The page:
Back From the Dead: The State of Book Reviewing

Jane Ciabattari
From the September/October 2011 issue of
Poets & Writers Magazine

Hundreds of online-only book-related websites—Barnes & Noble Review, Bookslut, the Complete Review, the Millions, the Morning News, the Quarterly Conversation, and the Rumpus, to name a handful—are increasing reader traffic as well as the number of books being covered. A much-watched newcomer to the mix, launched in April, is the nonprofit Los Angeles Review of Books, edited by Tom Lutz, with a focus on long-form reviews with a West Coast perspective from contributors including Jane Smiley, Greil Marcus, and David Shields. “The Los Angeles Review of Books was born as we watched the Sunday book-review sections of paper after paper die at the same time that the number of new titles continued to explode,” says Lutz. “We are building a site designed to offer numerous linking opportunities on each page, trying to resist what we see as the main scourge of current web knowledge: The web constructs a word-search interface, which is very good at helping people find the things they know they want to know, but less good at the serendipitous learning that happens in open-stack libraries or superbly curated bookstores. Much of the value we hope to add will be the way we link throughout the site and to pieces elsewhere. We want readers to enjoy a continuous process of discovery as they navigate.”

Salon and Slate, founded in 1995 and 1996, respectively, are the old-timers of online book coverage. Slate reviews half a dozen books a month. Salon senior editor and cofounder Laura Miller writes weekly book reviews, 75 percent of which are of nonfiction works. “On one side, this is a sad decline from the heyday when Salon had a book section that ran a review every day plus features and news,” Miller says. “On the other, we still have a staff writer dedicated pretty much exclusively to writing about books (me), which is more than a lot of newspapers can say these days.”

The Millions, which publishes three or four reviews each week, started out in 2003 as a personal writing project for editor C. Max Magee and has evolved into a book-oriented website with a staff of a dozen writers and dozens of guest writers. “We reach more than a million people a year,” Magee says. “We’ve been lucky to get links from our fellow online magazines in the culture space, like the Daily Beast. We’ll cover anything that piques our interest, from the very mainstream to the very obscure.”

Another online-only staple is Inside Higher Ed (IHE), launched as a daily in January 2005 and now attracting more than seven hundred thousand distinct visitors each month, most of them in academe. “Although everyone involved in IHE at the start had extensive newspaper experience—or perhaps because they had that experience and could read the writing on the wall—it has always been online, and it has always been free,” says Scott McLemee. As intellectual-affairs columnist, McLemee focuses largely, but not exclusively, on university-press titles. “I still think of it in the same terms as I did before ever going online,” he said. “It’s a matter of thinking out loud about books—assessing them, but also mulling over their contexts and implications, my own long-term preoccupations, or whatever else seems to apply.”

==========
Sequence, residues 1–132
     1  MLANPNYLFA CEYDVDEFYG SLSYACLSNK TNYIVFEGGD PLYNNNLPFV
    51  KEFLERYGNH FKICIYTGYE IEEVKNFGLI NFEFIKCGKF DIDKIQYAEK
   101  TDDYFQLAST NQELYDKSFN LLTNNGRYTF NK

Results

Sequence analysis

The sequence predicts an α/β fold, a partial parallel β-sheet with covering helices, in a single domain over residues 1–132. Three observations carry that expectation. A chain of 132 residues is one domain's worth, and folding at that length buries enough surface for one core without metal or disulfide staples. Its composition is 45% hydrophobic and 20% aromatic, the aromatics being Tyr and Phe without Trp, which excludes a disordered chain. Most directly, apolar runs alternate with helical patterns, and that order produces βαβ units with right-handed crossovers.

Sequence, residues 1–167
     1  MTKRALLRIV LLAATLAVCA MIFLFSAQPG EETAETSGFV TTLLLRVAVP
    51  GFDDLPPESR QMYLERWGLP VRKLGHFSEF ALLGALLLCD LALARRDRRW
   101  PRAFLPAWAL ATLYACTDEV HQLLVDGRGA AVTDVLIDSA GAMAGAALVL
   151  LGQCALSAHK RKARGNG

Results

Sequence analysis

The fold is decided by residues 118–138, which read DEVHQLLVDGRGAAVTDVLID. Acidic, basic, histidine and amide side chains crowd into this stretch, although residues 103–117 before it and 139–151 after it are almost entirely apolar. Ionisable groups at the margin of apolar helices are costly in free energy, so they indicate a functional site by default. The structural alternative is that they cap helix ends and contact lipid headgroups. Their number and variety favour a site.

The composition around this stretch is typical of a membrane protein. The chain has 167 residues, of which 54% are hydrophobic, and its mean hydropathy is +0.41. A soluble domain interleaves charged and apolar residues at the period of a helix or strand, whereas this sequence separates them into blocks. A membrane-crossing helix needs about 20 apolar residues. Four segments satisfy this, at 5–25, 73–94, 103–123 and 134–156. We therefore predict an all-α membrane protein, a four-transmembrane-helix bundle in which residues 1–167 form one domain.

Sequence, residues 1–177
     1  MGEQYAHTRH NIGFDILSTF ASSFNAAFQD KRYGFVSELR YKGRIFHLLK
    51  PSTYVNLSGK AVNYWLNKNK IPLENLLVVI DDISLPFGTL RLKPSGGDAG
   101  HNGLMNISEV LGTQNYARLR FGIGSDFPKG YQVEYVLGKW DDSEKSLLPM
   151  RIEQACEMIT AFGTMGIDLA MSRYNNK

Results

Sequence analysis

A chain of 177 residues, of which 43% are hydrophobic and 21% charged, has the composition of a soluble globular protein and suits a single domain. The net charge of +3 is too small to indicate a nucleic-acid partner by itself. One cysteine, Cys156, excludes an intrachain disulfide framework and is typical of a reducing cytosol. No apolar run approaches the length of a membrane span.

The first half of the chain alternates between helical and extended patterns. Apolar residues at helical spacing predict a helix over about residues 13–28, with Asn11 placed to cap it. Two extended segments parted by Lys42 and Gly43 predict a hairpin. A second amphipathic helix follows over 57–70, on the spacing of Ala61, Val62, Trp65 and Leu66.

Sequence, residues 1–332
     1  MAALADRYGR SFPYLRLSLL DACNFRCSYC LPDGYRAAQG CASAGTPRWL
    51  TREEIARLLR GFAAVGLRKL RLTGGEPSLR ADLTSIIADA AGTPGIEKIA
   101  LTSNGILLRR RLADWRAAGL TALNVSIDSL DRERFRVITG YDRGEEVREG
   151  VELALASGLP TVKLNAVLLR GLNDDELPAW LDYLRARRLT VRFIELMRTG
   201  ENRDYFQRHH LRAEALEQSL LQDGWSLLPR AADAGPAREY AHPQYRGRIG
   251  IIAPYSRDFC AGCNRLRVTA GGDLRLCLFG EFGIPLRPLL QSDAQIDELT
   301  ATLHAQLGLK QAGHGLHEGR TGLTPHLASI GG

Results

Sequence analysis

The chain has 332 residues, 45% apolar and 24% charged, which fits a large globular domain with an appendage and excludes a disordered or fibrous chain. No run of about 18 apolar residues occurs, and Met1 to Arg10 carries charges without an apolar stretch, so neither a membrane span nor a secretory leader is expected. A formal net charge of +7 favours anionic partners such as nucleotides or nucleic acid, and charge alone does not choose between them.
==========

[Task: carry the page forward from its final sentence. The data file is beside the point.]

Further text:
Blake Butler, editor of HTML Giant, the literature blog launched in 2008, ticks off the advantages of the online-only approach: “low cost, wide readership, easy access, integration of diverse media, timely response, messy fun, weird troll trouble, party city.” HTML Giant runs four to ten reviews a month, with an emphasis on small press books, and Butler’s approach to books is informal: “I like a big wild mess where there is more focus on talking about things as if we’re talking to our friends than sitting in an office getting paid to talk about books,” he says. “We try to be a little more real and a little more rowdy, in the name of unserious seriousness, where the stakes are as high as you let them be and the door is open.”

Tina Brown’s the Daily Beast introduced a book section, Book Beast, in February 2009, which was a finalist for a 2011 Digital National Magazine Award. Lucas Wittmann, the Daily Beast’s books editor, says he covers (by review, interview, author essay, and/or video) ten to fifteen titles a week. “I love what the small presses are publishing and always pay attention,” he says. The recent merger of Newsweek and the Daily Beast added a print publication and an expanded web audience to the Book Beast portfolio.